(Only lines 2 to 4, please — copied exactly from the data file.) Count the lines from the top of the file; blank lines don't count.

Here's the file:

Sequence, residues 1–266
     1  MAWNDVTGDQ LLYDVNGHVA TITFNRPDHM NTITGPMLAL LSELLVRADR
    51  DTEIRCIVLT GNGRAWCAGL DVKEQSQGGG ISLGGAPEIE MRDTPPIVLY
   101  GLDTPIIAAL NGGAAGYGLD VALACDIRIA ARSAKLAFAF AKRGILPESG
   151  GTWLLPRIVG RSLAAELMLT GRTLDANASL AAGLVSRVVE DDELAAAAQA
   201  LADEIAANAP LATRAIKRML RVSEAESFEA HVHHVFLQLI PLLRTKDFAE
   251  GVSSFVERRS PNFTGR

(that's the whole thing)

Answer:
     1  MAWNDVTGDQ LLYDVNGHVA TITFNRPDHM NTITGPMLAL LSELLVRADR
    51  DTEIRCIVLT GNGRAWCAGL DVKEQSQGGG ISLGGAPEIE MRDTPPIVLY
   101  GLDTPIIAAL NGGAAGYGLD VALACDIRIA ARSAKLAFAF AKRGILPESG